The Mazda-based Probe was anticipated with some excitement on its UK launch in ’94, the obvious latter-day Capri comparisons were bandied about, inaccurately it seems. But the car wasn’t a huge commercial success. It was badly marketed, it drove well but not brilliantly, the US-style interior was dated and cramped and the Ford Oval didn’t have enough allure to draw the affluent from the German coupe competition. Again, though, that was then.
Today a Probe can be had for very little outlay, and in the right colour (Imperial Blue) and in the right spec (24v with leather), it looks absolutely sensational and completely individual against the identikit cars of today. It has a huge number of attributes in its favour, the exhaust note, with overtones of Alfa Romeo was one of the most evocative of its day and the Pop-Up-Headlamps ooze retro-futurist appeal.
The Probe went for a long while suffering a slightly naff image, mostly the work of Gareth Cheeseman, a character from comedy chameleon Steve Coogan. He unfortunately nailed the demographic that the Probe would end up being bought by, namely horribly assertive thirty-something salesmen with ideas several stops beyond their station in life. That joke wore off a long time ago, though. Remember that the Capri spent a long time in the doldrums but has emerged as a genuine classic car. The Probe might not have the charisma, but it’s certain to be appreciated as a memorable product of its time.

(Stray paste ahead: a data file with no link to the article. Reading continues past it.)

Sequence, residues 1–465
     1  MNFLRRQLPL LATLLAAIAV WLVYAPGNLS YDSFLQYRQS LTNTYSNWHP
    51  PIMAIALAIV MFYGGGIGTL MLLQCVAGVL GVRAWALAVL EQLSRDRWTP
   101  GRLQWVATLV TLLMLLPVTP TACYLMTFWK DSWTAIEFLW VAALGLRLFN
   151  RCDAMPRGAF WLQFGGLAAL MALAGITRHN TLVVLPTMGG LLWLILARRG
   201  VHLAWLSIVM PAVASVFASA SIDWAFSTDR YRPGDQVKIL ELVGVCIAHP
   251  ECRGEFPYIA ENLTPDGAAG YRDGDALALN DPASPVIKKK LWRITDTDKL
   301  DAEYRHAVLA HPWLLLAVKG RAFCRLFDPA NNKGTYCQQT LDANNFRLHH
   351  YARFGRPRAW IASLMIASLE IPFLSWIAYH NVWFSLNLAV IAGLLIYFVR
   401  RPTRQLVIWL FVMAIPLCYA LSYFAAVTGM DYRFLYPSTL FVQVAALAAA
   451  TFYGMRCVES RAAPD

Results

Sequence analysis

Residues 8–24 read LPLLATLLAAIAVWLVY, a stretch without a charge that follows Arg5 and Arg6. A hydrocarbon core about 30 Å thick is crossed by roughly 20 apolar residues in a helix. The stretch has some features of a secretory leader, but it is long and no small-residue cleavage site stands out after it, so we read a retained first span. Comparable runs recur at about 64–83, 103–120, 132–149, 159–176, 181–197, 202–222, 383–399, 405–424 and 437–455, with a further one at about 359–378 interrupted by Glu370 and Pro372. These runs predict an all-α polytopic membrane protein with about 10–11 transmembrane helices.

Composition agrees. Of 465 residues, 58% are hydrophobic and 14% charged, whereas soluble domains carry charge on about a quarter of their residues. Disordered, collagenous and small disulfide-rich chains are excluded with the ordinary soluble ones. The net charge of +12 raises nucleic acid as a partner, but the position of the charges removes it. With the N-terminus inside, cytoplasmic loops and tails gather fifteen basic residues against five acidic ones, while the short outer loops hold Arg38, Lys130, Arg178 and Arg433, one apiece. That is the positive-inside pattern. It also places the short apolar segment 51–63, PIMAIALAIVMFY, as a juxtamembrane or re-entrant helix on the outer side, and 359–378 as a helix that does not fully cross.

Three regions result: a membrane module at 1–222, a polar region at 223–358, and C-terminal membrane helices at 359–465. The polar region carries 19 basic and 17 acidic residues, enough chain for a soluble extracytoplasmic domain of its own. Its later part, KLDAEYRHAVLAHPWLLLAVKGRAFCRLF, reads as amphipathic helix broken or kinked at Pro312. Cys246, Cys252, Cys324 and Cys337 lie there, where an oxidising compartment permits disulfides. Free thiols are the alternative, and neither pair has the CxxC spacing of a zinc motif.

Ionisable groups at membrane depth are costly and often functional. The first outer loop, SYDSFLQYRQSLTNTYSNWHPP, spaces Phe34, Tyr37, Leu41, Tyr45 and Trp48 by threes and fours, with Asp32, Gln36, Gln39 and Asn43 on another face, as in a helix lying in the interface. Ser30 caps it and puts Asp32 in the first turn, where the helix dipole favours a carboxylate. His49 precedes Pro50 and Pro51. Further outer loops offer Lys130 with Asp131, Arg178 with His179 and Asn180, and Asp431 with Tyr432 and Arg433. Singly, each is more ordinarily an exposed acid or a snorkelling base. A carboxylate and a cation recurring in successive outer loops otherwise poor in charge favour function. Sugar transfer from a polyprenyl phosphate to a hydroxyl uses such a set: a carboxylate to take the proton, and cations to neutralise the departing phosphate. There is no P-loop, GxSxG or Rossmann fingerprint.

Of the current crop of cars it’s difficult to see which will make it to be seen as of interest in the future. We’re necessarily talking about blue-chip future classics, just cars that may be unloved today but will prove of interest in the coming decades. I envisage an early BMW 1-series to have a greater following in twenty years hence than a similarly aged 3-series. The Vauxhall Signum, a fairly laughable car today (see Driven) but may well have some curiosity value one day, certainly more so than the moribund Vectra it was based on.
One thing's for sure. A car doesn't necessarily have to be any good at all to become a classic, or at the very least have a strong following in old age. Take the Mondeo; a brilliant car since launch in '93, consistently at the top of its game. And yet the scrapyards are full of them. Nobody is saving them, nobody is particularly celebrating them. If they were extinct, few people would shed a tear. The Capri, though? By any objective criteria it was a pretty poor car all round. Basic, agricultural, uncouth; most of its rivals made considerable strides forward during its lifetime. Yet it is beloved as a cultural icon of our country. A good one in a nice spec is worth many thousands of quid. Subjectively, we adore them. Warts and all.
And Citroen? Well, their automotive CV is littered with automotive oddities, loads of which achieved immortality. Even in the modern era, they have not only the Pluriel, but I see the C6, possibly the C4, and now probably early DS3s gaining a following in the future. Why? Because while Citroens were becoming more anodyne and conventional through the '90s, these models have regained some of the eccentricity that made the company interesting in the past.